Marguerite Donnadieu was seventeen years old when she moved to France from a small village near Saigon, Vietnam, where she had been born. Living in Vietnam and Cambodia, of French school-teacher parents, she spoke Vietnamese more than French until she received her first school certificate at age eleven. Entering the Sorbonne in 1931 to study mathematics she graduated with licences in law and politics. Working at her first jobs as the 1930s crept towards war, she began writing memoirs, fiction and plays. She changed her name to Duras — the French village where her barely-known father had died– the name by which the reading world has always known her.

Although much admired for her work in the Resistance, and well known by French intellectuals for her plays, articles and novels, particularly the 1959 screenplay, Hiroshima Mon Amour, directed by Alain Resnais, she didn’t become widely famous until The Lover / L’Amant, which was published in 1984, (her 48th work) when she was seventy years old. It won the Prix Goncourt for 1984 and sold some two million copies in France alone, and many more world-wide after the 1992 movie of the same name.

But of course, she was a young, passionate woman in the ’30s, in and just out of university. By June of 1940 when the Germany army occupied Paris she was twenty-six and working as a secretary in the Ministry of Colonies under the Vichy government. She became a life-long communist and a member of a small cell of the Resistance, along with future president, Francois Mitterrand. In 1944 she wrote what was to become the absolutely gripping memoir, La Douleur (1985) / The War: A Memoir, in Barbara Bray’s 1985 translation.  She had kept notes as she was going through the events described, notes which were then lost to memory until, going through old papers in a seldom visited country house she discovered them.

“I found myself confronted with a tremendous chaos of thought and feeling that I couldn’t bring myself to tamper with, and beside which literature was something of which I felt ashamed.”

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In its slender 182 pages are two memoir accounts, two stories from the same memory and material and two “fables.” Among them are the most gripping war stories one might ever read. None is of war at the front. They take place in Paris, from just before the Normandy Landings, June 6, 1944 to the return of French POWs from Germany in August, 1945. In short, jabbing sentences, absolutely pared of sentimentality, she reclaims the memory of her anguish.

The first two stories are of a piece, memoirs in the first person.  In it she tells one of the great unwritten truths of war: the agony of the daily wait for news of loved ones.  It becomes even more terrible as men begin to return at war’s end, thousands upon thousands on special trains, in trucks, on foot, April, 1945.  But some do not appear.  Those at home read the lists of those released — not there!  They go to the trains arriving at Orsay, they go to the airport –his friends are there, but not him! They call out the  names of camps –Stalag VII A! Were you there?  Where is he?  When did you last see him!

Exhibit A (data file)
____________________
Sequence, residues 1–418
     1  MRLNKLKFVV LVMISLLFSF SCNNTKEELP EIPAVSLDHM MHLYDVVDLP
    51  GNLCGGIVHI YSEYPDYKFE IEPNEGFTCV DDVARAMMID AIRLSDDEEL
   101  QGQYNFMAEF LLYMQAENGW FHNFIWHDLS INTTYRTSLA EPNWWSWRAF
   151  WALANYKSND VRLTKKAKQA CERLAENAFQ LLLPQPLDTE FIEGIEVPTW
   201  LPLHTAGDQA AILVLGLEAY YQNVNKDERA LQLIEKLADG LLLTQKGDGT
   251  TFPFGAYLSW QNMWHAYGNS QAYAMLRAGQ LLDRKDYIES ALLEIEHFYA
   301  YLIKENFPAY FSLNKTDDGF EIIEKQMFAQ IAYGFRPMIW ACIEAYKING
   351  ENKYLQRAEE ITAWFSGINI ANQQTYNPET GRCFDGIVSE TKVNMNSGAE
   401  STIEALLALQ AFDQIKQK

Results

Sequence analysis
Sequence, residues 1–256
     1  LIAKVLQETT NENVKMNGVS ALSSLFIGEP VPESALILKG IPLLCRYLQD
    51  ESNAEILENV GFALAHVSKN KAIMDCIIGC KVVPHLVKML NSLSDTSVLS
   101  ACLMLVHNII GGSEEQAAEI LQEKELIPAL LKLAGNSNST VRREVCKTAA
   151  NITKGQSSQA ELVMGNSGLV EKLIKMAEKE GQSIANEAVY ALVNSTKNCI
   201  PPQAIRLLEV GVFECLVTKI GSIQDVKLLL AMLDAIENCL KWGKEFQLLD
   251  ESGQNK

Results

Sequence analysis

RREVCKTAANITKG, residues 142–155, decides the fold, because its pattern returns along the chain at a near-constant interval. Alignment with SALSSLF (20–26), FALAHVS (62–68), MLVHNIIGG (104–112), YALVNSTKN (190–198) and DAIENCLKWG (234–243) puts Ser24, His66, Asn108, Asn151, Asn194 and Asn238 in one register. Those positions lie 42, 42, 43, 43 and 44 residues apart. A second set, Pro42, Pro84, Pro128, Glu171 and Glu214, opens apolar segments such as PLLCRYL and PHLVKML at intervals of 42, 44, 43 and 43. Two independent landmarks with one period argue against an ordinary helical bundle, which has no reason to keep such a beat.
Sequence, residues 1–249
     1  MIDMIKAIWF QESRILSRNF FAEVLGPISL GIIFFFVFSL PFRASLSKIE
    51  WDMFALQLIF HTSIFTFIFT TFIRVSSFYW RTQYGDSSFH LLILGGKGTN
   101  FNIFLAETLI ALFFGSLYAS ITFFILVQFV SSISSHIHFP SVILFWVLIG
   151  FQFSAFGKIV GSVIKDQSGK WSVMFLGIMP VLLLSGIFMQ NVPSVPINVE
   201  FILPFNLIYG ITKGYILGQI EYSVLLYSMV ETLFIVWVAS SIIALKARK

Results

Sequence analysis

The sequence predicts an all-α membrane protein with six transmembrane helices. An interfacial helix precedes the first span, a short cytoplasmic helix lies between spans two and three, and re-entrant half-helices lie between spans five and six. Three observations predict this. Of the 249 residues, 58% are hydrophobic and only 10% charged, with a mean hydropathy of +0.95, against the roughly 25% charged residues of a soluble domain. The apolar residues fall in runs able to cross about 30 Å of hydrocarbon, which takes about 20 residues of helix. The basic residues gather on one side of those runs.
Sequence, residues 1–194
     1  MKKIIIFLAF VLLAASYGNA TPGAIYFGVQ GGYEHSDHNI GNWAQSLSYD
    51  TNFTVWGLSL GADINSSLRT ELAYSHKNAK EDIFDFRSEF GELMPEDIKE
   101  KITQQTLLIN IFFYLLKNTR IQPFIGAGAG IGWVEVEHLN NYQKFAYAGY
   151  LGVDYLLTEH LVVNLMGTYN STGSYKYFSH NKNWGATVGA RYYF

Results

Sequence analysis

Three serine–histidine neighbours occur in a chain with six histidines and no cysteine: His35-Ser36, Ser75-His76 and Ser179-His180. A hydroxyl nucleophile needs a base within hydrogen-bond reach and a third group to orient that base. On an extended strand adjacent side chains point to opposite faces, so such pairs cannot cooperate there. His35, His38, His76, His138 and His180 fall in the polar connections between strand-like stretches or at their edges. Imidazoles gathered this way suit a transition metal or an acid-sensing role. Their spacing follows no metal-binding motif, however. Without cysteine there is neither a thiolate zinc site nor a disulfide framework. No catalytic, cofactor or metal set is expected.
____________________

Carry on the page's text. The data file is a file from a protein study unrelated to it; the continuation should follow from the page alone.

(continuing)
The streets are boiling with excitement and jubilation. Not Thérèse, nor others like her.

“At this moment there are people in Paris who are laughing, especially the young. I have nothing left but enemies.

Suddenly it bursts in on me, the obvious … He’s been dead for three weeks. Yes, that’s what’s happened. I am certain of it. I walk faster. His mouth is half open. It’s evening. He thought of me before he died. The pain is so great it can’t breathe, it gasps for air. Pain needs room. There are far too many people in the streets… All along the roads of Germany there are men lying like him. Thousands, tens of thousands, and him. He who is at once one of the thousands of others and, just for me, completely separate and distinct from the thousands of others. I know all one can know when one can know nothing.”

Duras found her notes and composed the stories forty years after the events, yet it is as if yesterday. We can imagine her as she reads of herself.  A young, distraught, determined woman pushes her way into the official repatriation center, determined to carry out her own investigations, to interview whom she can and post lists of who, what unit, what camp, for others.  She is ordered to leave.

“Have you got permission to do this?”

“We’re taking permission.”

She seems brave, sure of herself.  Yet, 

“This evening I think about myself. I’ve never met a woman more cowardly than I am. I go over in my mind the women who are waiting like me –no, none is as cowardly as that. I know some who are very brave. Extraordinary. My cowardice is such that it can’t be described… Not for a second do I see a need to be brave. Perhaps being brave is my form of cowardice. 

We learn that Robert L, for whom she searches, is her husband.  Though they had separated before he was picked up and imprisoned somewhere in France or Germany, she is deeply connected to him.  At last Francois M. (Mitterrand in actuality,) on a desperate mission to Germany, locates him by accident in a distant corner of the Dachau camp, thrown in among the dead.  Smuggled back to Paris, to escape a long camp quarantine where he will surely die, they care for him for months.  At 85 pounds he can not be given anything but gruel and soft foods until his stomach begins to function again.